By Marina Lopes
MAPUTO (Reuters) - When kidnappers seized a 17-year-old Muslim girl in Maputo last month, the Mozambican capital's Muslims reacted with outrage, but their cries for firm government action against a crime wave targeting the community fell on deaf ears.
At least, they did until a prominent elder threatened a "reorientation" of the Muslim vote and its sizeable financial clout from the ruling Frelimo party to the Mozambican Democratic Movement (MDM), a small but fast-growing opposition outfit.
The meeting with President Armando Guebuza that followed two days later is the latest sign of the waves MDM is creating in the southern African nation, home to some of the world's largest untapped reserves of coal and natural gas. The girl was rescued this week though no details of the operation have emerged.
Running on a slogan of "Mozambique for all", 48-year-old MDM founder Daviz Simango is building on his base as mayor of the million-population second city of Beira by tapping into popular anger that a flood of mining and energy investment is failing to make its way to millions mired in poverty.
A 2014 election looks too soon for the 3-year-old MDM to shake the Liberation Front of Mozambique, or Frelimo, at the ballot box, but analysts say its growing popularity may mark the beginning of the end of a 37-year strangle-hold on power.
"Is MDM a threat to Frelimo? Not in terms of president or the majority in parliament," said Joseph Hanlon, a senior lecturer at Britain's Open University and an expert on Mozambique. "But to the hegemony of Frelimo? Probably."
Simango is also emerging as the champion of young, educated Mozambicans who face scant chances of getting a job unless they have friends at the top of Frelimo, which has ruled since independence in 1975.
In a country ranked by graft watchdog Transparency International as the most bribery-blighted in southern Africa, the foreign mining mega-deals typically shrouded in official secrecy are an easy target.
"These contracts must not be signed to the detriment of the national interest. These contracts are being drafted without transparency, therefore these contracts do not serve Mozambicans," Simango told Reuters in a recent interview.
"We are not here to rob the investors. We are here to say that out of the money these investors will make, out of the money that the Mozambican government will make, something has to be left to the people."
Frelimo officials acknowledge MDM's popularity in Beira but question whether it has support beyond that and point out that its lack of a national party structure make it incapable of running a country of 23 million.
"THE PEOPLE SUFFER"
The former Portuguese colony, which emerged from civil war two decades ago, is estimated to have 23 billion tonnes of coal and gas deposits of at least 130 trillion cubic feet - enough to supply Germany, Britain, France and Italy for a decade or more.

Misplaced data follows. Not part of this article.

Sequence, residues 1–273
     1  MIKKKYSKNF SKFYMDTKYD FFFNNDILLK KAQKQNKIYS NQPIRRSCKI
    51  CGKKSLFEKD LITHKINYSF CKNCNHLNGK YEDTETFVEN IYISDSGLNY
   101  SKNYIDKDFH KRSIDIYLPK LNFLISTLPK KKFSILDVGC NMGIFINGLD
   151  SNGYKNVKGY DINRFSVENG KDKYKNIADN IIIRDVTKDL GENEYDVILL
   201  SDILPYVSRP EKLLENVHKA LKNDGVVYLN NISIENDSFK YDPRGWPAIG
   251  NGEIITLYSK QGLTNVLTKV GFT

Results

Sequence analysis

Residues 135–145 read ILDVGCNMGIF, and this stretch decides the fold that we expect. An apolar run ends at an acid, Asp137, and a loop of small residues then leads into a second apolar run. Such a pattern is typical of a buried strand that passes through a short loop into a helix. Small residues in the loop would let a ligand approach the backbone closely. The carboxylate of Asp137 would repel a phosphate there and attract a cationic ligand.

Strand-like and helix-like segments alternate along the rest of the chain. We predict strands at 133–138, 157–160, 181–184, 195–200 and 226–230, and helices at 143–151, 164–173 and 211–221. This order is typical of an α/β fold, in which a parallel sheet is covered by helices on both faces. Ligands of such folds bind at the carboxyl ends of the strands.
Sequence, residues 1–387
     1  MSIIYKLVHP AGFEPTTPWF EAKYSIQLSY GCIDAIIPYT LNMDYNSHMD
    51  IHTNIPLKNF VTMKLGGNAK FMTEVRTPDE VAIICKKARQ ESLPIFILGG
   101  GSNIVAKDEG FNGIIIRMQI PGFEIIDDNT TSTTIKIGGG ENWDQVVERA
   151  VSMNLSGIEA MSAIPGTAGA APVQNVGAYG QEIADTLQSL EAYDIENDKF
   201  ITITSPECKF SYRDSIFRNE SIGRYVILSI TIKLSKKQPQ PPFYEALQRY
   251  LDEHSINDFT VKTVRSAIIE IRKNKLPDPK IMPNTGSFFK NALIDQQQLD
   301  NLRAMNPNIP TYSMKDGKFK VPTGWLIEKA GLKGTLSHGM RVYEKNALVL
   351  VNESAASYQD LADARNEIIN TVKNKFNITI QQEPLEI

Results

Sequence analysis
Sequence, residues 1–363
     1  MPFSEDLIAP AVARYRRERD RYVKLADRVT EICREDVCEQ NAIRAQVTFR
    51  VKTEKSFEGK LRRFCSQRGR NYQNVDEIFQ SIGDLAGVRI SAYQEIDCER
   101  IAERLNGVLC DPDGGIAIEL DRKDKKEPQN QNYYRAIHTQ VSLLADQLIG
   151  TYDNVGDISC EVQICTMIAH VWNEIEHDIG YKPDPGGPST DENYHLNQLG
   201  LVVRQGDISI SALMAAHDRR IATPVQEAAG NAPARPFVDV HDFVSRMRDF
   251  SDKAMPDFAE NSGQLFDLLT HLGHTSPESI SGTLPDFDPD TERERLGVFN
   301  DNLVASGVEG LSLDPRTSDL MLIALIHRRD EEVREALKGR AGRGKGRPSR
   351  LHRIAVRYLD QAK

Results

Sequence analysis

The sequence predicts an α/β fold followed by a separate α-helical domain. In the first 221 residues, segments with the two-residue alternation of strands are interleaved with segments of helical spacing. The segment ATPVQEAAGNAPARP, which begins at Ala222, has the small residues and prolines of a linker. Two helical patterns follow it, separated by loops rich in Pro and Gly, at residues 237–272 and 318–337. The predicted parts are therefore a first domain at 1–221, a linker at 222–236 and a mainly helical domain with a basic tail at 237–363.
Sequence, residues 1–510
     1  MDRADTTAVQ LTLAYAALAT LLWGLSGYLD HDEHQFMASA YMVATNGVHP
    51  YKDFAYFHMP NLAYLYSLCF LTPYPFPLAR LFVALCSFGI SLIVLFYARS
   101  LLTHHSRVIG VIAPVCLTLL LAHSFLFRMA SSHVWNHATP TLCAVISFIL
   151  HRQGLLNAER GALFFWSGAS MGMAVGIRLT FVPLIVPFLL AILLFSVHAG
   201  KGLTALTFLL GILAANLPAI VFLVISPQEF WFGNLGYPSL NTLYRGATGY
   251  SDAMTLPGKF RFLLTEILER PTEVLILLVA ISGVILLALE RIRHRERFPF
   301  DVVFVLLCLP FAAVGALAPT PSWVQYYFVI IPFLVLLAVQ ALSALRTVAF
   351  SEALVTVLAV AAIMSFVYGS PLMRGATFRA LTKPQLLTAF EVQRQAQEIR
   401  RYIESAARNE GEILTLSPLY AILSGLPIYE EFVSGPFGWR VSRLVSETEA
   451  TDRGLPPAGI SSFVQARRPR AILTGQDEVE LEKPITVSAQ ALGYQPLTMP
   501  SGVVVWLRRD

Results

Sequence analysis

But Frelimo is criticized for not yielding the benefits, leaving most Mozambicans to scrape by on an average $400 a year despite annual economic growth of around 7 percent in the last five years.
"You can study but if you don't know someone in power, you will never find a job. If your father is not a veteran, if he didn't take up arms for the party, it becomes very difficult," said 33-year-old graduate and MDM convert Nelson Euitolou.
"The people suffer while the government stuffs its pockets. The people don't benefit. Only one social class does."
Typically, Simango appears in casual clothes and his simple language goes down well with impoverished, rural audiences as he pushes the need for transparency and accountability.
A former civil engineer, he was raised in a political family, with his father, a church pastor, becoming the first vice-president of Frelimo. Both his parents were murdered in the late 1970s in what Simango says were political killings.
In 2003, he moved into politics by running for mayor of Beira, where he won 54 percent of the vote on the ticket of Renamo, the main opposition party and Frelimo's enemy in a long post-independence civil war.
Despite his strong showing in Beira, Renamo refused to name him as its candidate in 2009 elections, prompting him to go it alone with the MDM, which won 8.6 percent of the vote and eight seats in parliament, against 51 for Renamo and 191 for Frelimo.
Simango's record in Beira - he managed to get $240 million out of German and Swiss donors and investors to secure the city's picturesque beaches from erosion - has also earned him a reputation as someone who gets things done.
"I was never aligned with a political party," said Adeline Fransisco, 30. "But I saw him change Beira. Maybe he can bring some of that change to Maputo."
(Editing by Ed Cropley)